Wednesday, 10 February 2010

A Review of the Unholy Trinity.



Last night I went to a really strange and interesting exhibition up at the Forest on Bristo square. It's always worth a look in as the Forest is a volunteer run arts place, and there is usually something interesting going on, whether it's a poetry night, book reading, impromptu gig or one of the legendary parties!


They have a small gallery space attached to the cafe, and it changes over pretty regularly. Folk can get in touch and submit ideas for gallery displays or get involved in art happenings like the suitcase series which I believe is a long running project aimed at artists from all over working on a singular theme, and giving it their own interpretation to be set out on their behalf. So in theory you could live halfway across the world, but direct someone in Edinburgh to make your idea work and complete it for you. I think!


So yesterday at the gallery there was a joint exhibition by 3 lads with a similar theme to their practice. I was very intrigued and interested as it involved taxidermy and collections, 2 things I am quite excited about having used them in my own art. I've always loved display cases and dusty moth eaten museum specimens, insects and ephemera and  have been scribbling away in my notebook for some time about returning to this subject, so it was a strange coincidence to stumble upon this 'unholy trinity,' of  Rich DD Cormack, Omar Zingaro Bhatia and Jamie Fitzpatrick.


It seems they have all at some point entered the realms of  curiosity shoppe territory, and they transformed the small gallery space into a wunderkammer cabinet of wonders. On entering the tiny space the first thing you can't help but notice is the huge albatross skeleton hanging overhead. This oddity is one of Rich's pieces, and somehow looks like a giant alligator with wings. It is apparently made of plaster. His other work on display was a series of eerie folk fairytale style paintings of wildlife and nature scenes, some in which he has depicted himself as a fox. The funniest piece is a painting of a rat, apparently picturing the first taxidermy he ever did. This dead rat looks very perky and is entitled, "my beloved dead rat, Taloola." I was quite taken with it!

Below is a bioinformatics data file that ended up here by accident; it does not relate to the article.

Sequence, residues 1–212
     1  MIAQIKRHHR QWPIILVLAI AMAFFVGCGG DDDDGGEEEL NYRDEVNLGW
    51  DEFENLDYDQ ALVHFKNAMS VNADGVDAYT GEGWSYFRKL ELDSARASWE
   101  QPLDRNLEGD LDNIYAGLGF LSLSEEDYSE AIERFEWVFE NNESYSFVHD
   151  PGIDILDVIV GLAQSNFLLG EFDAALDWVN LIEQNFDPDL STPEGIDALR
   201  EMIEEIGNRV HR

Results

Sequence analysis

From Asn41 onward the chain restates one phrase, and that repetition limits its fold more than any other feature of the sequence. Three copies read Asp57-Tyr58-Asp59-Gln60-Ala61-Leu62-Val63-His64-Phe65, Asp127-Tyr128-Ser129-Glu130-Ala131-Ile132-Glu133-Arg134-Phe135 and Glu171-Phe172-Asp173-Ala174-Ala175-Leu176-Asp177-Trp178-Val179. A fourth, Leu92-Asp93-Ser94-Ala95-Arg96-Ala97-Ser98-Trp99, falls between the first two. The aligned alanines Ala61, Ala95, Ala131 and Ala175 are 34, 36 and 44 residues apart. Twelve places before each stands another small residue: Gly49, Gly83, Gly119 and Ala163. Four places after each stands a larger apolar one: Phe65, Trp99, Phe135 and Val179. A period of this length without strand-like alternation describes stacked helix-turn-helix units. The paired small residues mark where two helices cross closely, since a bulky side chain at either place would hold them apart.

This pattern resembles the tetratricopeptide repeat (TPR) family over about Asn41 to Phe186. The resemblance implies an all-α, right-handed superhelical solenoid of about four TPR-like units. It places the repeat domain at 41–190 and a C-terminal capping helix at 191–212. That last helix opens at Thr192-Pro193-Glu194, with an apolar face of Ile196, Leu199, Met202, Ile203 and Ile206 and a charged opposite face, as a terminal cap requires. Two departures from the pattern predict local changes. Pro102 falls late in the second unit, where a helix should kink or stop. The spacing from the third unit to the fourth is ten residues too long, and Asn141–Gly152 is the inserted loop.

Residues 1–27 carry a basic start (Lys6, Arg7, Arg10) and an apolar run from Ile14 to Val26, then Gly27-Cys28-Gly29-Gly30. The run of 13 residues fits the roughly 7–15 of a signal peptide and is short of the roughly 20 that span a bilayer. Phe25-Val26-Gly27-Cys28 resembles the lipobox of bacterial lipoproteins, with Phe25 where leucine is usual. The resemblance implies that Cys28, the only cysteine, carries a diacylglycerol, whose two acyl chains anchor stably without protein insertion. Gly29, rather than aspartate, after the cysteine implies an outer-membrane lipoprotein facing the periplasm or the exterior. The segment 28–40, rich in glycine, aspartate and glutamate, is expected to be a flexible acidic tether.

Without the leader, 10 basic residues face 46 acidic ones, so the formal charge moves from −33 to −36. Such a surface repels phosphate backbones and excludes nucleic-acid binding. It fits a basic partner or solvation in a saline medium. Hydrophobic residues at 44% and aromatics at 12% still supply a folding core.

The other very striking thing about this exhibition is that much of the work from the hands of Jamie Fitzpatrick is the freakish taxidermy specimens. The strangest thing about these is not that they are mutated creatures that feature top halves of one animal, and bottom halves of others, but the crazy notion that they are on show in a building that is known for it's vegetarian customers. The idea behind his 'Unnatural History Museum' is to confront the idea of  transgenics, genetics, mythology and the fact that this reduces what was once a living thing to an object. Some of the beasties work better than others, the best being a duck-rabbit hybrid with the title, "What do you see?"


The third in the art trinity is Omar, a collector and frantic producer. He has previously had shows putting on display huge collections of his personal belongings, paintings and found objects. As a self confessed 'tipper' and avid collector, Omar  creates his own treasure trove of curiosity shoppe art, in this case glass bottles hanging from strings that were dug out of the ground, books hanging on strings that were dug out of dusty libraries, and a number of darkly colourful paintings. Intriguing! My mother always told me to look but don't touch, but this is just the kind of exhibition that makes you want to break all the rules! Go see it before the poor creatures are liberated by the animal rights people!



Abi Lewis. www.hatefulsnippets.co.uk

www.theforest.org.uk
www.zingaromar.blogspot.com
www.rddcormack.carbonmade.com

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